Chinese Regulator Launches Probe Into Tencent, Weibo and Baidu

Updated on
  • Regulator investigates reports of content law violations
  • Users have reported instances of porn, violence and rumors

Adam Segal, Council on Foreign Relations senior fellow, discusses China's tightening of Internet access with Bloomberg's Emily Chang on 'Bloomberg Technology.' (Source: Bloomberg)

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China’s online watchdog has launched an investigation into reports of multiple violations at news services run by Tencent Holdings Ltd., Baidu Inc. and Weibo Corp., as the government continues to tighten scrutiny over internet content.

The Cyberspace Administration of China said Friday it’s instructed its Beijing and Guangdong branches to look into reports that some of the country’s largest online services are carrying user-generated content laden with “violence, porn, rumors” disruptive to social order. It didn’t specify what actions may be taken. Tencent, Baidu and Weibo said in separate statements they will cooperate with the government on removing questionable content and rectifying any issues.

China has applied increasing pressure over internet media in the run-up to an important Communist Party congress later this year that is expected to consolidate President Xi Jinping’s authority. Intent on muzzling potential sources of disruptive information, the government has shut livestreaming services and websites, tightened regulations governing internet access, and issued repeated warnings about the need to clean up content through various agencies. Observers say the enhanced scrutiny is also characteristic of Xi’s administration.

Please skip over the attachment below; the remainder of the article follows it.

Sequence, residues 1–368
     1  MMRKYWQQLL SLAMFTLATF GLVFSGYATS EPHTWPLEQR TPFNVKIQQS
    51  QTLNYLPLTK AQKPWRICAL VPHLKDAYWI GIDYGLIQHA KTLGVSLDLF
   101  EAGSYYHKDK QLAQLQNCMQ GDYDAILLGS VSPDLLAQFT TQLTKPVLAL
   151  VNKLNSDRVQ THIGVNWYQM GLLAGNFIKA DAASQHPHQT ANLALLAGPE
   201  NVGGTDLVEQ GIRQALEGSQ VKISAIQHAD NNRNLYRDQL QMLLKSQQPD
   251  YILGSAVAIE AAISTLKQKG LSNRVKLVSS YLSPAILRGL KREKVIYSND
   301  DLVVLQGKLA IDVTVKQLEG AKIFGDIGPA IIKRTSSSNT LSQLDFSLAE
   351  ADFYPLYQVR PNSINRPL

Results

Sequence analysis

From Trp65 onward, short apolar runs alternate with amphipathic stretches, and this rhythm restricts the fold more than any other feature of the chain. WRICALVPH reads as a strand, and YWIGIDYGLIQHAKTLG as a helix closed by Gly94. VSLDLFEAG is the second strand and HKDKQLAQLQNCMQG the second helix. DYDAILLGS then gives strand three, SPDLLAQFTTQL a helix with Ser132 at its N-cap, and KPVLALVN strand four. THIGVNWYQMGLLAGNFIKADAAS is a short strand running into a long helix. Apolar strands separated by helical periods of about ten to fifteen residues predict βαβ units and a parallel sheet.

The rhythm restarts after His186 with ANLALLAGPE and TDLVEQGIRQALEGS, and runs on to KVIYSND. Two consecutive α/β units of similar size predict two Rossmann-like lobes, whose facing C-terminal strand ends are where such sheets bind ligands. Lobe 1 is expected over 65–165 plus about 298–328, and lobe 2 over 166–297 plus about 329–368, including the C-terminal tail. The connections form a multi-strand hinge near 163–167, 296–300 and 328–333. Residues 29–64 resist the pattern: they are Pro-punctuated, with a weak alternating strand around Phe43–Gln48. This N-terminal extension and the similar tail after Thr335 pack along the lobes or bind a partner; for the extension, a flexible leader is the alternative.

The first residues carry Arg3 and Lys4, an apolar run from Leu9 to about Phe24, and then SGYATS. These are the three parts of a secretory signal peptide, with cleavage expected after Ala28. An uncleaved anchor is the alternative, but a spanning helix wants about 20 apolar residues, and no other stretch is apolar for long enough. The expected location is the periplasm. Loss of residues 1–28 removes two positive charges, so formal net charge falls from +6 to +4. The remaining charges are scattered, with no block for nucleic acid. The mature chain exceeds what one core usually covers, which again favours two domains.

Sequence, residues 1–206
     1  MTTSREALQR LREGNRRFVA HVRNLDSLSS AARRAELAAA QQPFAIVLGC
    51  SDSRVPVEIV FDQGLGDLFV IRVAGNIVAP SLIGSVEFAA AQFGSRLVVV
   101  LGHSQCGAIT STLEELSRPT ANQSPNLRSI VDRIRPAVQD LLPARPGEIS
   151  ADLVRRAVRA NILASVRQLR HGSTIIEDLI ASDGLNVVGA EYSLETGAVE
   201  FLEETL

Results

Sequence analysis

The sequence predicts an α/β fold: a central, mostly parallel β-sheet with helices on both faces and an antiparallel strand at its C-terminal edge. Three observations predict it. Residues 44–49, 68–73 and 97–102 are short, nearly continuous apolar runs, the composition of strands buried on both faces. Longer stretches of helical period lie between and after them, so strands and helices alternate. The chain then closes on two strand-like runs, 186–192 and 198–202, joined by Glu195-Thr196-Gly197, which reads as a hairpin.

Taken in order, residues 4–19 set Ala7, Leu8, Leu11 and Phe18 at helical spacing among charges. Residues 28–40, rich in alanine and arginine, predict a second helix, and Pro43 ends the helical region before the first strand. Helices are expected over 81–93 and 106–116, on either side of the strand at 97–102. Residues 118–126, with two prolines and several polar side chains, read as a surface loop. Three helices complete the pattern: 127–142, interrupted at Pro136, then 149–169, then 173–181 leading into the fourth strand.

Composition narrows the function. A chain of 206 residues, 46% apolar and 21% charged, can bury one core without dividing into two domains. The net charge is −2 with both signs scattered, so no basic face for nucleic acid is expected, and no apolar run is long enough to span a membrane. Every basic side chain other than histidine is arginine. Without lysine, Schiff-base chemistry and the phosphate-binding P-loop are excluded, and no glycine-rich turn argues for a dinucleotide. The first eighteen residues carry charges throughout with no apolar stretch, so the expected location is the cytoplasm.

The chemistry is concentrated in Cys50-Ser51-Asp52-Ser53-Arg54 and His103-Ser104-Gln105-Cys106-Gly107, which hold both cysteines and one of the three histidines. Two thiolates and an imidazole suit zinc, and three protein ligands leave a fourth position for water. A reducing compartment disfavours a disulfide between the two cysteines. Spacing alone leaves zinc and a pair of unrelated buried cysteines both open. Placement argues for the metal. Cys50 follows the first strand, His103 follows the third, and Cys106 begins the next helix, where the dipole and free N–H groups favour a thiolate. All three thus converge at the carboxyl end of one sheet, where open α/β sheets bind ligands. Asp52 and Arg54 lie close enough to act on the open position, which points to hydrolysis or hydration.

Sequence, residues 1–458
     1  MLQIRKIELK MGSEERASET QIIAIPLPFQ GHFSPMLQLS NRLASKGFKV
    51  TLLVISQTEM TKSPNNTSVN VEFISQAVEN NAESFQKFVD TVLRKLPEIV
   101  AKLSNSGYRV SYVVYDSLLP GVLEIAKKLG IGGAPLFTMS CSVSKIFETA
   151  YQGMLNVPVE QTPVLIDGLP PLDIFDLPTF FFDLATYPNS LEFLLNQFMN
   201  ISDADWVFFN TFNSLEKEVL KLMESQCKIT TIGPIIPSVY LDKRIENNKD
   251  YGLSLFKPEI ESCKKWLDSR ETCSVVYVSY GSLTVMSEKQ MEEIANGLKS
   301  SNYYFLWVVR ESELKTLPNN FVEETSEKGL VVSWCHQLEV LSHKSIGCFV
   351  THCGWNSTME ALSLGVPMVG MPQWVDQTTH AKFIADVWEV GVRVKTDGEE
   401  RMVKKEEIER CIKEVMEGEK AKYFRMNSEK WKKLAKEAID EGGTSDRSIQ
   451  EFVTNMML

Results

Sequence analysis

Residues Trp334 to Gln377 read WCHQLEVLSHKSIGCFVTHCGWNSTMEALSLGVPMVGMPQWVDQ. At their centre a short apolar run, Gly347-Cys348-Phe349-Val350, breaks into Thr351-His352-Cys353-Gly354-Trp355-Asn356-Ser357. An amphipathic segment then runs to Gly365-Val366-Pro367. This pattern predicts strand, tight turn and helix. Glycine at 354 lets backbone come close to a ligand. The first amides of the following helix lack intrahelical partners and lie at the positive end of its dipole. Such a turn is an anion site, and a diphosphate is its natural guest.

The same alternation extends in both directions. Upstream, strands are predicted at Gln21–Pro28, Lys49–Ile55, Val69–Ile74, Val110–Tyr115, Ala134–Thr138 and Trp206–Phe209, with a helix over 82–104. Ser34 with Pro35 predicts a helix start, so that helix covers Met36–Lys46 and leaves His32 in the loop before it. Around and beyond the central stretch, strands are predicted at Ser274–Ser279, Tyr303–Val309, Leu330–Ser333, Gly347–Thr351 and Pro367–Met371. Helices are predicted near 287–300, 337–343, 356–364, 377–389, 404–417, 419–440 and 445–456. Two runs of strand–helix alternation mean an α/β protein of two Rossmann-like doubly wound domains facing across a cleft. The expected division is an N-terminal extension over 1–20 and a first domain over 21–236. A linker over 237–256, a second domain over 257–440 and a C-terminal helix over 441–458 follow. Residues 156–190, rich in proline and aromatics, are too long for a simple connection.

Welcome to Xi’s Net: Where Politics, Porn and Pooh Are Forbidden

The latest probe centers on three of the country’s largest repositories of online musings, all with hundreds of millions of users: Tencent’s WeChat messaging service, Weibo’s Twitter-like blog and Baidu’s “Tieba” forums. Last month, Beijing scrubbed memorial photos of Liu Xiaobo from WeChat and Weibo, following the long-imprisoned Nobel Peace Prize-winning writer’s death in mid-July. Liu was an author of Charter 08, a document calling for democracy in China, and Beijing aimed to smother that intellectual legacy.

Tencent’s shares fell almost 5 percent, their biggest drop in a year and a half. But that stemmed in part from a continuation of an overnight tech-stock selloff in the U.S., and investors taking money off the table ahead of Tencent’s earnings report on Wednesday.

“The government will conduct such checks every year and I don’t see this having any impact on the long-term development of the company,” said Yujie Li, an analyst with RHB Research Institute. “People use WeChat and Weibo not for such illegal information, so I don’t think this probe will affect the companies.”

— With assistance by Lulu Yilun Chen, Yuan Gao, and David Ramli

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